The Ripple Effect

Brume - Rooster

I should say up front, I have a serious soft spot for heavy music with powerful female vocals.  Bands like Holy Grove, Blues Pills, Disenchanter, Blood Ceremony, Windhand and a host of other killer bands I’ve discovered in the last couple of years in the now thriving underground heavy rock and metal scene.  I think it’s a harkening back to my youth and the dynamic female artists that were so powerful in either raw vocal talent, range, songwriting ability, or a combination of all those factors, that they simply couldn’t be dismissed by the rock industry of the 70’s and 80’s (no matter how hard the industry tried) such as Ann Wilson from Heart, Pat Benatar, the Pretenders’ Chrissie Hynde, Joan Jett, and Blondie’s Debbie Harry to name a few.  There’s just something compelling about a female voice standing in front of the chainsaw snarl of electric guitars, thumping bass guitar and the machine gun attack of drums properly beaten into submission in the still mostly male-dominated world of heavy rock and metal.  This has been done to devastating effect in the latter 2000’s beginning with the more symphonic metal stylings of bands like Within Temptation and Delain, but until recent years, very few of the new crop of more basic bluesy influenced rock and metal bands featured female lead vocals.   The onset of the more riff-based styles of the “Doom Metal” subgenre especially, with its’ fuzz-drenched down-tuned tones, slow driving tempos, and ultra-heavy rhythm sections, has created a fascinating backdrop for the more melodic dulcet tones produced by the female vocal cords.  This is not to say that they cannot be just as powerful and hard-edged as their male counterparts by any means, in fact, in many cases they are equally, if not more powerful.

Flash back to 2015, a random solo excursion to The Caravan Lounge, San Jose’s best (in my opinion) place to go for a cheap beer, and good old-fashioned ear pummeling barrage of riffology.  Built like a cement bomb shelter with no windows, seemingly no air conditioning (even the ceiling fans are missing blades!), no stage riser or stage lights, and only the faintest semblance of a proper P.A., but brimming with vibe and sheer concrete volume, The Caravan plays host to all manner of heaviness several times a week, from punk to stoner and doom, and to even more extreme forms of metal. Anywhere between 20 and 70-odd people (not 70 “odd people” haha!...that actually might be debatable…) can be found gripping beers and bobbing or banging their heads in sweaty unison to the thundering of the kick drum.  I chanced to go on a whim to a show I knew none of my compadres was going to, with a handful of bands I knew nothing about, just a desire to hear some riffs get dealt out and get my riff-fix on.  A couple of bands had gone through their paces and put on entertaining sets when the next band, a trio, launched into their set and WHAM!!! I was hit between the ears with a wall of the thickest doomy sound heard in a long time.  The guitarist was dealing out riffs on his Les Paul that would’ve made Iommi and Pike proud in equal measure, the bass player plucking a fuzzy haze of notes from the netherworld on her white Fender P-Bass, and the drummer pounding out the time like a sledgehammer alarm clock going off.  Then something unexpected happened, the bassist opened her mouth and a haunting, almost angelic voice began weaving melodies around the slab of sound coming from the amplifiers in a combination of sonic dissonance that I recently described thusly;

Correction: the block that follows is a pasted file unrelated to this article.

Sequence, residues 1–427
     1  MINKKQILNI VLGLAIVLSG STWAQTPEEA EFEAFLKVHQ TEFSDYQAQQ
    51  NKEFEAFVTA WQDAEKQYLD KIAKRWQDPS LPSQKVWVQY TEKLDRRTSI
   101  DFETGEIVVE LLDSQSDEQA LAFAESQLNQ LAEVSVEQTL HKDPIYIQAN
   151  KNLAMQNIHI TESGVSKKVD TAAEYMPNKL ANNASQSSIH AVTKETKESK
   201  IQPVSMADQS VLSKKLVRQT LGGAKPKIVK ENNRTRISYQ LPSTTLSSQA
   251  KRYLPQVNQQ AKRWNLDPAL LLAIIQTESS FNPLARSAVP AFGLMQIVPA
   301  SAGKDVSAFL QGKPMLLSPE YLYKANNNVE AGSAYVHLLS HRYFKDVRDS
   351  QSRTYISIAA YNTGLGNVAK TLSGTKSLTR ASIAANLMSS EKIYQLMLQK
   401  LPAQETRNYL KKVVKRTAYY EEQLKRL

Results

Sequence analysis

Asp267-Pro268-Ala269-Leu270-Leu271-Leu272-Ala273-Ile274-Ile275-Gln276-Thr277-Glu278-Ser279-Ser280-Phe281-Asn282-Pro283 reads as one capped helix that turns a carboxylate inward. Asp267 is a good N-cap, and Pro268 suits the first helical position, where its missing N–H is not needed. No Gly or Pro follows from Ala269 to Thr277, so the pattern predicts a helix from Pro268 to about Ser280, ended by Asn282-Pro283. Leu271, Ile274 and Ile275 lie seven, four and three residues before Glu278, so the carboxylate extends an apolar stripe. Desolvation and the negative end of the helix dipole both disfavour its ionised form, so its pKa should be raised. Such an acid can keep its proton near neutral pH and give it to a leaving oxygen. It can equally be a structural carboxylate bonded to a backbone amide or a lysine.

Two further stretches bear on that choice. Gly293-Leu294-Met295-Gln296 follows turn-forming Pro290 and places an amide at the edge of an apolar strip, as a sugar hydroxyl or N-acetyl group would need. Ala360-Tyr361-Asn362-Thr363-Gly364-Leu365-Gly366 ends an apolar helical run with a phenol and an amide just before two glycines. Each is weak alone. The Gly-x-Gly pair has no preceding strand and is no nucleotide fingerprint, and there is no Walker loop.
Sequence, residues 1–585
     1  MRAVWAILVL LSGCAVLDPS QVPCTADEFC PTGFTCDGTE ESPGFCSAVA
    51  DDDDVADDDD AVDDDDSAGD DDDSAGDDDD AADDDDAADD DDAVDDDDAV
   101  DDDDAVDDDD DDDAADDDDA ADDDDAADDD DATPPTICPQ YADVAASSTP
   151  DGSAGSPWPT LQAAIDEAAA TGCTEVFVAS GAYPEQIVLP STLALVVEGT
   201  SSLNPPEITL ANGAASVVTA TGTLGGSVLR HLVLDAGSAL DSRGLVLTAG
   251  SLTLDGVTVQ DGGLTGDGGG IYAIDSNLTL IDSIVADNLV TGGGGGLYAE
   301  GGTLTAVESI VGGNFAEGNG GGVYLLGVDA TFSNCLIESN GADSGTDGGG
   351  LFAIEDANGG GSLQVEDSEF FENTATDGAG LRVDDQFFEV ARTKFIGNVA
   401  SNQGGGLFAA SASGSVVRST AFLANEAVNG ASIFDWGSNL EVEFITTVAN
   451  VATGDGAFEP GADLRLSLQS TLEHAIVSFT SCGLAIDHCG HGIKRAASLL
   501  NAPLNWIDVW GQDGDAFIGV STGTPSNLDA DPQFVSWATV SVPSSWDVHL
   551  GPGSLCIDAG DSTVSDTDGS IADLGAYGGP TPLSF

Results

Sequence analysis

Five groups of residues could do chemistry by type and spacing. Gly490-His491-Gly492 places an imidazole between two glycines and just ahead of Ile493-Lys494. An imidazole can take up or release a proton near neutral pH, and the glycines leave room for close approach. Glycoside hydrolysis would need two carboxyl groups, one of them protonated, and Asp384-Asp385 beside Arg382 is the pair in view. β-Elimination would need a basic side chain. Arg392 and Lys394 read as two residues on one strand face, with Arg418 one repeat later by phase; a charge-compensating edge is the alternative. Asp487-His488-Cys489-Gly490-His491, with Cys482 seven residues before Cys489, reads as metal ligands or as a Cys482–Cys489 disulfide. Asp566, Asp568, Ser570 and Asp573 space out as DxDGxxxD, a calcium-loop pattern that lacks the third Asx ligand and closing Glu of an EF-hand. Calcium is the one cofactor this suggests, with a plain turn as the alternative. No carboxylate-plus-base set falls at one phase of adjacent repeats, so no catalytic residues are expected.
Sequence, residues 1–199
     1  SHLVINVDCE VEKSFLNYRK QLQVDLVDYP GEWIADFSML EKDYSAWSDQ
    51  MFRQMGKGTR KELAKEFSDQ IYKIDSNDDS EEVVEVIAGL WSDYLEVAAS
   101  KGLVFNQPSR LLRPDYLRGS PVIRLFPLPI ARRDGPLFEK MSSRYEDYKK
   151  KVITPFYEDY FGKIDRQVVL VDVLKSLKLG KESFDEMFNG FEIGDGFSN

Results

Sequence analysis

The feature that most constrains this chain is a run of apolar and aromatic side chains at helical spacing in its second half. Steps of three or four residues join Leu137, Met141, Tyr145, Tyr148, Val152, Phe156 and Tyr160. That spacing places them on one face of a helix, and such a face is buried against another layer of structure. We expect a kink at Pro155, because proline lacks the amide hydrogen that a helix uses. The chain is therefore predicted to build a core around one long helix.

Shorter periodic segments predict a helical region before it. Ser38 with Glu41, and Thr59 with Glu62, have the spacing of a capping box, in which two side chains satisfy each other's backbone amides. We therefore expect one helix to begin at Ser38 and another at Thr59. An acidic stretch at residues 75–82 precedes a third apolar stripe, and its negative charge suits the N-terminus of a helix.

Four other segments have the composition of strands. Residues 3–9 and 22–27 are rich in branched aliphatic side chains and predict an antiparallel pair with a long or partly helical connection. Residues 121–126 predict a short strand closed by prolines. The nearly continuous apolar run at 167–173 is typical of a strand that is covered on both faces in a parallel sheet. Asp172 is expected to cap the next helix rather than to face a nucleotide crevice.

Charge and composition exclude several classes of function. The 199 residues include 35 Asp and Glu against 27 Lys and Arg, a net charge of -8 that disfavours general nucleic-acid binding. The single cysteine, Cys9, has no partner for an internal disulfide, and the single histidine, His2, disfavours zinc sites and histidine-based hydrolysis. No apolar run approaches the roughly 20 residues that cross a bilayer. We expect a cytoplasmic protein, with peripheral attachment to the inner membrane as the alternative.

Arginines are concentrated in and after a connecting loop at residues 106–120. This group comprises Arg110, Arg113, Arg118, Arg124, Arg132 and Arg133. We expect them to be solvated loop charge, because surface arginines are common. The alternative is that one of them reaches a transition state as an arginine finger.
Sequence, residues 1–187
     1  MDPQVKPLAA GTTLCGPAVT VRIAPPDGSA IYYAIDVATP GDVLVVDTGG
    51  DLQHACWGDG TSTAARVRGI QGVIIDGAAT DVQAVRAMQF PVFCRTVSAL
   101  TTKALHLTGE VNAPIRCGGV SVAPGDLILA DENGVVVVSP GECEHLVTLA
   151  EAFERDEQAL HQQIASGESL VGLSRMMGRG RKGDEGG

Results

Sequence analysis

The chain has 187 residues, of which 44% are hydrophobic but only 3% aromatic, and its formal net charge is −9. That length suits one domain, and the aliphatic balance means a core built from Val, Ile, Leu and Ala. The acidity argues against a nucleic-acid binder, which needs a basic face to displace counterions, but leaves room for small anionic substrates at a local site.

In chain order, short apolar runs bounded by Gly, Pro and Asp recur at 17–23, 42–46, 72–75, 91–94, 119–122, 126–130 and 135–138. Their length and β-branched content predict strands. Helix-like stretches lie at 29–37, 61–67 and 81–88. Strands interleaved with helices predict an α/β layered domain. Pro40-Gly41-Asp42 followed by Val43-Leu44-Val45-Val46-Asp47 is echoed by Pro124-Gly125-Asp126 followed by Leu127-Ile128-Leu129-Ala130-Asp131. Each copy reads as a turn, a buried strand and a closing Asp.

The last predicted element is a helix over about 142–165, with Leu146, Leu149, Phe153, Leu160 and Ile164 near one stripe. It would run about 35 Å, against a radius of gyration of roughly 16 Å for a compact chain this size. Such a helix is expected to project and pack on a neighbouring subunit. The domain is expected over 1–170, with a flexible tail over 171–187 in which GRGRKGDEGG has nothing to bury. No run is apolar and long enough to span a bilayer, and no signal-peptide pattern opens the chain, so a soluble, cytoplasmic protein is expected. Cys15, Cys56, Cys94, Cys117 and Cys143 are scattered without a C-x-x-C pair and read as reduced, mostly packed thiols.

”Brume's music evokes a clashing of two titans like Godzilla versus King Kong with Susie's (bass guitarist & vocalist Susie McMullan) vocals playing the part of Fay Wray pleading with the monsters to stop fighting. Stunning beauty and Earth shattering heaviness in one colossal sonic explosion.”